November, EU justice and home affairs held a Council meeting in Brussels. According to the meeting´s conclusions, the ministers agreed: to speed up the asylum-seekers resettlement scheme – the EU has a mechanism for 160 thousand relocations in place, but thus far, only tens of persons were relocated. The ministers acknowledged that the problem is on both sides – some receiving states have not yet declared when and how many refugees exactly they will relocate, they agreed to declare it by 16 November. Italy and Greece did not provide enough personnel to make the relocations possible either – this was also agreed to be tackled immediately. All countries also agreed to speed up returns. Furthermore, the EU wants to have hotspots in Italy and Greece by the end of the month. Existing enforcement mechanisms are to be strengthened and Europol was invited to accelerate its preparation of border management joint operation teams. At the December European Council, the heads of state and government will discuss the state of play of Schengen, which has been under pressure (Sweden introduced temporary border checks last week, too). Also, the EU agreed to set up an information campaign in countries of origin explaining the rules of asylum procedures inside the EU – notably the obligation of the asylum-seeker to register in the first EU country he enters and the obligation to accept relocation in any EU member state.
On 11 and 12 November, EU and African heads of state or government met at the Valetta Migration Summit to discuss the tackling of current and prevention of future migration crises. In a final declaration, the countries agreed to work together in a wide range of areas to solve the problem. A more detailed action plan followed. Both the declaration and the action plan can be accessed here.
After the summit, European Council President Donald Tusk called an informal EU summit. Leaders discussed the latest developments in the migration crisis. Donald Tusk called for concrete steps to ensure the survival of Schengen. In this context, he welcomed the pledge of Slovakia, Czech Republic and Hungary to send 225 officials to join the Frontex and EASO agencies. He also explained, that in order to accelerate the crucial cooperation with Turkey, he will work with EU and Turkish partners on an EU-Turkish summit, possibly by the end of November, to discuss more concrete measures. Tusk´s statement can be accessed here.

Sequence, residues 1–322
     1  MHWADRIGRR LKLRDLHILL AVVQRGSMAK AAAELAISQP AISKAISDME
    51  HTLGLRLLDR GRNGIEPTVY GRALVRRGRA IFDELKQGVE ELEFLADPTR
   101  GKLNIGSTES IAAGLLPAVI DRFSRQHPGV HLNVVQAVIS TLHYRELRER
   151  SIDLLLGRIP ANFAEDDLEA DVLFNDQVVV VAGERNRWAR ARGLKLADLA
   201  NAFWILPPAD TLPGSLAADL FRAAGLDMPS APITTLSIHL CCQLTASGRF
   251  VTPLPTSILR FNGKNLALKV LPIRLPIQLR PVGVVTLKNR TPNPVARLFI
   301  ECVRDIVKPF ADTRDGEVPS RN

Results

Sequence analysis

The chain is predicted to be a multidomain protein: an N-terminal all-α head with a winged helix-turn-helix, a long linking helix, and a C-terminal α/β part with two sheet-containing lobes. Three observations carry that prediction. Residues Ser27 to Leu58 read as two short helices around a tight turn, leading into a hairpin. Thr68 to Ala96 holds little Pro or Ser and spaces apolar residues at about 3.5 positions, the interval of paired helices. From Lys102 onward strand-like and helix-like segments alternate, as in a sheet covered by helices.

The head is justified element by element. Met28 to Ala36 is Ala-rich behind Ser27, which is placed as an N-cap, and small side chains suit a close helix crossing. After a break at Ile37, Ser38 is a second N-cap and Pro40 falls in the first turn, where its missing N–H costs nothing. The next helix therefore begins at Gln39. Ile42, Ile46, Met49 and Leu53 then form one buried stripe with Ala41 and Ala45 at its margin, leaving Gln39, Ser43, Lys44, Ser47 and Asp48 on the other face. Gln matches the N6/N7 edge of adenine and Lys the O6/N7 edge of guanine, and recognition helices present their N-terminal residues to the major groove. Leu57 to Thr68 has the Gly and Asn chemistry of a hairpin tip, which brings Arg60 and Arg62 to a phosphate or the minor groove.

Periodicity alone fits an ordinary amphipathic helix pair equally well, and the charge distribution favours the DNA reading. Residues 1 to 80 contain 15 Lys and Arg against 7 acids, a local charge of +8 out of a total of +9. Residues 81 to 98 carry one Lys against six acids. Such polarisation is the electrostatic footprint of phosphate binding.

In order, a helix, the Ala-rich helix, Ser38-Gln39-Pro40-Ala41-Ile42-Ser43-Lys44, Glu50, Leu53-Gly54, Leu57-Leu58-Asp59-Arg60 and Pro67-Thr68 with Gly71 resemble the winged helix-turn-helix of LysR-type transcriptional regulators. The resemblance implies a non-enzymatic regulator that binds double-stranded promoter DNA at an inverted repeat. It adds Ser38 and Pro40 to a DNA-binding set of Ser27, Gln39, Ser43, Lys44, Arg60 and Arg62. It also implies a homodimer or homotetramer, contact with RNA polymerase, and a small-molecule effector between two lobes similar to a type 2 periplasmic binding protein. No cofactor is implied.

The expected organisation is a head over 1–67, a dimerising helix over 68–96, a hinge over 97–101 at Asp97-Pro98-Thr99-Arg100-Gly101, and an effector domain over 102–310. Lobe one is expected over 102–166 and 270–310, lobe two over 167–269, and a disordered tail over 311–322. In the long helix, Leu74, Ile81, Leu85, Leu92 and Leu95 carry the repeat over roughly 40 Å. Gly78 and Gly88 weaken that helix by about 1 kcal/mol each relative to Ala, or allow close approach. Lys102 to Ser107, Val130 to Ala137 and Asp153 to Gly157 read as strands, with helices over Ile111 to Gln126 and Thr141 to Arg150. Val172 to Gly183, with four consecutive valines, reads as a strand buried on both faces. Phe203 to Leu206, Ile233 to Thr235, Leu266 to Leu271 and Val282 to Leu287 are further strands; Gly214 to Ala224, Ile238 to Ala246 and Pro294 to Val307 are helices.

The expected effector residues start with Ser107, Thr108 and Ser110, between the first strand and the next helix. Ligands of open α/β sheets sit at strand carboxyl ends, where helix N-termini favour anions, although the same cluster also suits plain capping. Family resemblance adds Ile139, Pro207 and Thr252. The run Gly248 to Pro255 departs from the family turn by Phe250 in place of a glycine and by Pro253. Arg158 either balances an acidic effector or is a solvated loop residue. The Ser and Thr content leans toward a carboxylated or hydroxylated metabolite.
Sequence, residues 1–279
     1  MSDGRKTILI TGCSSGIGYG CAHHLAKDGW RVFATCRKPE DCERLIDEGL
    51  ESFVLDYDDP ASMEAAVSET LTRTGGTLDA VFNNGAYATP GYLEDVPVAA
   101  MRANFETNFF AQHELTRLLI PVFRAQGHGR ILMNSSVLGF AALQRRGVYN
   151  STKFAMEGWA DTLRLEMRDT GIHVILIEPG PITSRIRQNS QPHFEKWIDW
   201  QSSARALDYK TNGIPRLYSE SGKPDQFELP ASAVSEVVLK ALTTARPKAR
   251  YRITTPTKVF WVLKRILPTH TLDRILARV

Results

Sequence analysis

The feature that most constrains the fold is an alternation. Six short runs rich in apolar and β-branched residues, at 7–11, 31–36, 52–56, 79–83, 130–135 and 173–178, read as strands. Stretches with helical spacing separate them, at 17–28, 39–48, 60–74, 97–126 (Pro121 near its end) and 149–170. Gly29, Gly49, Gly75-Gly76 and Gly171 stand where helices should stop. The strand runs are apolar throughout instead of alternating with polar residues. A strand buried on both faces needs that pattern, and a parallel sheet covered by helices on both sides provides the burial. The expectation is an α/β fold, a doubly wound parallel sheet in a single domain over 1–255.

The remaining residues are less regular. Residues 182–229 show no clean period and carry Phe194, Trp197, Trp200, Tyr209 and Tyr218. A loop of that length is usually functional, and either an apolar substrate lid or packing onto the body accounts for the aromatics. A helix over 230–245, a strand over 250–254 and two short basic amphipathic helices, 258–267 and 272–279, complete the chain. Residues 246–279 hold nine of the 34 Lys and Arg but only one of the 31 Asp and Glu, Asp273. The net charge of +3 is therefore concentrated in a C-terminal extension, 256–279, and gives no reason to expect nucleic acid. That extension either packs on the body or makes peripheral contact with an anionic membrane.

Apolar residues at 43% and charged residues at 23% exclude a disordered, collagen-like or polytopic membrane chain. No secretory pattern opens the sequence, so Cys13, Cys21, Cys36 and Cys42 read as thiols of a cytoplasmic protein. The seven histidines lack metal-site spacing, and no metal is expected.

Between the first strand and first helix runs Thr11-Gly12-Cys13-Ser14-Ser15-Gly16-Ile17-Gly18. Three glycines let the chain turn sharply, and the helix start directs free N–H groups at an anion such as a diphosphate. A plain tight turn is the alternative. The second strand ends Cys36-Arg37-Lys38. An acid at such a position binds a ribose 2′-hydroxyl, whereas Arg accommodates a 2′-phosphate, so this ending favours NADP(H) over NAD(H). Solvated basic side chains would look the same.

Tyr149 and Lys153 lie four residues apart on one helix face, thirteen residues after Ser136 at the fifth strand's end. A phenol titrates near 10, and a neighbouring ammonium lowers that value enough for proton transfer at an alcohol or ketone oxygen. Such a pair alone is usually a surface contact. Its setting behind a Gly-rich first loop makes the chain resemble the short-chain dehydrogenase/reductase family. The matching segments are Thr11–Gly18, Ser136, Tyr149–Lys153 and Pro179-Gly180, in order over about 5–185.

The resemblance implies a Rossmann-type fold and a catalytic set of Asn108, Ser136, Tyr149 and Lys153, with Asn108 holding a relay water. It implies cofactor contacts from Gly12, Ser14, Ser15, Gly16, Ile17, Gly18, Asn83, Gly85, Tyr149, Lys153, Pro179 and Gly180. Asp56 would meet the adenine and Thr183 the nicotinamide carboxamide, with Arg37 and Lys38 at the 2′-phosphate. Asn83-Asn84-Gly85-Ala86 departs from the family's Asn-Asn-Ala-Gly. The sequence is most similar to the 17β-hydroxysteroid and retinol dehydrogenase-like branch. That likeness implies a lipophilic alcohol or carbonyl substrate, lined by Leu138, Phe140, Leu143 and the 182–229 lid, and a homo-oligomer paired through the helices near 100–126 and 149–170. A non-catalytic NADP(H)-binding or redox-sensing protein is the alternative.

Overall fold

It is interesting, that the Czech PM Bohuslav Sobotka acted not only as the representative for the Czech Republic at the informal summit. The outgoing Polish PM Eva Kopacz asked him to represent also Poland. At the time of the summit, Poland held the opening session of the new parliament after the recent elections. Euroskop reported on this.
Meanwhile, Germany stated that it would once again apply the Dublin rules to Syrian asylum-seekers (Euroskop). The moment of the week, however, came on Friday night. The terrorist attacks in Paris and the possible refugee-related dimension (one of the attackers could have entered the EU with the refugees) refocused the EU´s attention on the security dimension of the crisis. Interior ministers will hold an extraordinary meeting of the Council on Thursday 19 November to discuss enhanced security measures. The new Polish government has indicated it would not fulfill its refugee-resettlement commitments shortly after the attacks (Politico Europe). Then on Saturday, the negotiators for the US, Russia, European and Middle Eastern countries reached an agreement on a roadmap towards political transition in Syria – hoping to facilitate the end of the civil war (and stopping the refugee wave to Europe; EurActiv).
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